Every day, small businesses are asked for monetary donations to help worthwhile charities.
But few, if any, small-business owners are flush with cash to donate to every cause.
Instead, civic-minded businesses turn to other valuable ways to give back.
From providing free expertise to serving on boards, from hosting events to donating supplies and by giving employees paid time off to volunteer, small businesses are critical to the success of nonprofits and other community organizations. In many ways, small businesses are not just the backbone of the economy, they are pillars of the Greater Lehigh Valley community.
“I’ve always believed that if you are blessed with some abilities, then it’s your responsibility to give back and to look for opportunities to give back,” said Diane Salks, president of Riverview Nursery and Garden Center in Alsace Township.
Volunteering enhances the culture of the company and generates feelings of gratitude, empathy and compassion among employees.
Every year, Riverview helps The Restoring Hope Foundation of Berks County restore a home for a needy family.
“Through giving of your time, you encourage a culture of volunteering within your company,” Salks said.
Serving as a board member is one way small-business staff can support organizations.
“Often times in the nonprofit world in our Lehigh Valley community, our charitable and tax-exempt organizations, they can’t and don’t pay board members and they want to find people to serve who can offer their experience and talent,” said Buddy Lesavoy, managing partner of Lesavoy, Butz & Seitz, a law firm in Upper Macungie Township.
Often, a businessperson’s ability to connect organizations to other donors on both the financial and talent side is another way to give back, said Lesavoy, who has donated his time in a leadership capacity for nonprofits.
Board members can chair an event, host an event, serve on a committee, actively organize an event or start a “friend-raising” effort – people who can spread the word about the organization, he said.
“Friend-raising can be as important as fundraising,” Lesavoy said. “In many if not most organizations, you start with some participation and work your way up to board level position.”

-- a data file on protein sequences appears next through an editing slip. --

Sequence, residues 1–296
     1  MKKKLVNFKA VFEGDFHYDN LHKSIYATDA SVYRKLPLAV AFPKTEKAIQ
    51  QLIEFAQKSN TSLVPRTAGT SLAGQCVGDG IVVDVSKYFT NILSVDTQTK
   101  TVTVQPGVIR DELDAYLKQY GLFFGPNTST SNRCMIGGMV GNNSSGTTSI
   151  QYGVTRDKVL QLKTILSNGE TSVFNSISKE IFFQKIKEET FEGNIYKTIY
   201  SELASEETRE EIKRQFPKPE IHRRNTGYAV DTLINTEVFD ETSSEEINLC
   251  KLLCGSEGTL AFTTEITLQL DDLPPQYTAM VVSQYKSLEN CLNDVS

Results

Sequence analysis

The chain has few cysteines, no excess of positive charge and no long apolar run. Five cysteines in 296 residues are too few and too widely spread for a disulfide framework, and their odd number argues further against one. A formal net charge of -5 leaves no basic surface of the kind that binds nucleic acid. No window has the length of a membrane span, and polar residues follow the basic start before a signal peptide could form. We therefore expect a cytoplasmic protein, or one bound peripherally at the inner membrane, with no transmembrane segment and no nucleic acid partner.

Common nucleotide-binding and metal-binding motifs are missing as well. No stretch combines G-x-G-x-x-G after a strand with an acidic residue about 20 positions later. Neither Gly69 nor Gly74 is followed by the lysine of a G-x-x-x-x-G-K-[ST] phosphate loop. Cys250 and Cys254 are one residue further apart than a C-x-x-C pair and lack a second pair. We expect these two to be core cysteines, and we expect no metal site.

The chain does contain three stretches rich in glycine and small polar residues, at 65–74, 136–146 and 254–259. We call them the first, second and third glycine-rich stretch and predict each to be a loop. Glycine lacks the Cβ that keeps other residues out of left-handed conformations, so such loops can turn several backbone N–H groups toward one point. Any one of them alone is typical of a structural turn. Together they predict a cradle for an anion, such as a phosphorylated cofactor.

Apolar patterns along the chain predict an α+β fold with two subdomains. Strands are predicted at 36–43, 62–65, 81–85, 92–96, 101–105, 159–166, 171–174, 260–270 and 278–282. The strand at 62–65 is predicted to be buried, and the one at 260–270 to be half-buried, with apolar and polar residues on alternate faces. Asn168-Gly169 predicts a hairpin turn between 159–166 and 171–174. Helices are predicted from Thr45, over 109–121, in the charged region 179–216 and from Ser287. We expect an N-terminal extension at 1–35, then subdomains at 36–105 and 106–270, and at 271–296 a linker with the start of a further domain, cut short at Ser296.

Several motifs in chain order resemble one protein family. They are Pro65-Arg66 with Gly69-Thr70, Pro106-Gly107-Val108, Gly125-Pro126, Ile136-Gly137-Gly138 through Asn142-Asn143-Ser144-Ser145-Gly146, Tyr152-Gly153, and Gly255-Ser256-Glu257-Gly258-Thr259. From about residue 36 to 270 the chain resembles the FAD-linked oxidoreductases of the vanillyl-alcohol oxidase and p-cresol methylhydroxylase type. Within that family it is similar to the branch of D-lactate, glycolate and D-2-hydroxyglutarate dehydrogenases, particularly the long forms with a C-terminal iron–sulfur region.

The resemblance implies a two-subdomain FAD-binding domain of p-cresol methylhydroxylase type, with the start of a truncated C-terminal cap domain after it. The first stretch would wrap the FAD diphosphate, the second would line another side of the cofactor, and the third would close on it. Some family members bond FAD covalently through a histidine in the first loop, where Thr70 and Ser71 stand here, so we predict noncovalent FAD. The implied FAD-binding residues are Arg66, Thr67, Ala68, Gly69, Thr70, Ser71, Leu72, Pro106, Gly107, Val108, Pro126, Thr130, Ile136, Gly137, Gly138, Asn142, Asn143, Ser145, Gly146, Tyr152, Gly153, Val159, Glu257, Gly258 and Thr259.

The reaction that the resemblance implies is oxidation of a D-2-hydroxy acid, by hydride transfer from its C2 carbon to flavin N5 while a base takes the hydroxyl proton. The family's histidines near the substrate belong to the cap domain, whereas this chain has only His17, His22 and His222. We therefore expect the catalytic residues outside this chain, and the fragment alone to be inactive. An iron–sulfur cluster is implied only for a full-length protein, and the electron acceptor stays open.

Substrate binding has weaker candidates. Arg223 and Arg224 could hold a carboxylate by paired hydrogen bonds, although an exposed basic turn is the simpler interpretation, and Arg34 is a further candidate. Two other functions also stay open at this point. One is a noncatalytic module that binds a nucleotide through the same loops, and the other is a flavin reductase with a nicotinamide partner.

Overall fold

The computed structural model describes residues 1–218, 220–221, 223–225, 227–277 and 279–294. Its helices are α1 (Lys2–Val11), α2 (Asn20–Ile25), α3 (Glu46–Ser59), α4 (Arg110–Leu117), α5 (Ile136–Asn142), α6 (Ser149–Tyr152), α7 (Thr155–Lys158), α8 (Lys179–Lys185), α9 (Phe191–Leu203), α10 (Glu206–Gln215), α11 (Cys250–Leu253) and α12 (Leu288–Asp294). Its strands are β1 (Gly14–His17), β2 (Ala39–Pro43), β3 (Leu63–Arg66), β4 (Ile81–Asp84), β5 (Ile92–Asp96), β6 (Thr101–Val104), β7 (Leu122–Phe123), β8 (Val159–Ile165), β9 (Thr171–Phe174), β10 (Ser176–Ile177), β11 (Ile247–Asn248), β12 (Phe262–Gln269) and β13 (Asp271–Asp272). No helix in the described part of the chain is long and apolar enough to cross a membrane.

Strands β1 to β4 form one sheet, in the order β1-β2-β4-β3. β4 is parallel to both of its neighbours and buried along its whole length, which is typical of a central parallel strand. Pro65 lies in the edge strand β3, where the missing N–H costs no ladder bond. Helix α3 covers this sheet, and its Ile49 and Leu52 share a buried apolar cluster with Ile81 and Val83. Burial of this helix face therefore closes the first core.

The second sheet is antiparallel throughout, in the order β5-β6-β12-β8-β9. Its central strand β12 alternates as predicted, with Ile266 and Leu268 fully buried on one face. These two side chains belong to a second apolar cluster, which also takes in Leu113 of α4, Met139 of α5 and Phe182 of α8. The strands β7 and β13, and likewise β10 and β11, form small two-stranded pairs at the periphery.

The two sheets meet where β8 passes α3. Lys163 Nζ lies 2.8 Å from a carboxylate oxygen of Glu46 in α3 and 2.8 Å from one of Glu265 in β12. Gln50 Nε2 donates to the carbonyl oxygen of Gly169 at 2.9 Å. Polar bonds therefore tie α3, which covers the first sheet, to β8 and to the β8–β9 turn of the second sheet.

MAKING TIME TO VOLUNTEER
While there’s not a lot of time in anyone’s life these days, many small-business owners still carve out time to volunteer. And there are many ways to help.
“If you can’t afford to make a donation, the equal, best thing is to donate your time,” said Tina Smith, president of the Nazareth-Bath Regional Chamber of Commerce. “There are certainly enough charity events to be involved in.”
The causes run the gamut from cancer-related to organizations that support veterans, animals and children.
“We [chamber members and staff] organize many community events, and they’re all free,” Smith said. “We [member businesses] also as a unit give back to other organizations.”
An example is the Lehigh Valley Nonprofit Awareness Expo, hosted each September at Lehigh Valley Mall in Whitehall Township. Smith said the event gives nonprofits the opportunity to mix and mingle with small businesses to let them know about their needs.
ADVOCATES FOR CHANGE
Small businesses help LifePath, which provides home and services to people with disabilities, in many ways, including hosting donation drives, offering free help with design or website services and by advocating on a state or federal level on issues important to the organization.
“Some of our supporters wrote letters to legislators,” said Annette Kaiser, director of development and communications for LifePath, based in Hanover Township, Northampton County.
“That’s huge for us, when small businesses can help bring about changes in state policy and funding to help support bills that were in progress.”
Liquid Interactive of Upper Macungie Township helped LifePath by offering website assistance and designing fliers at no cost.
Hartzell’s Pharmacy of Catasauqua is another small business that’s helped.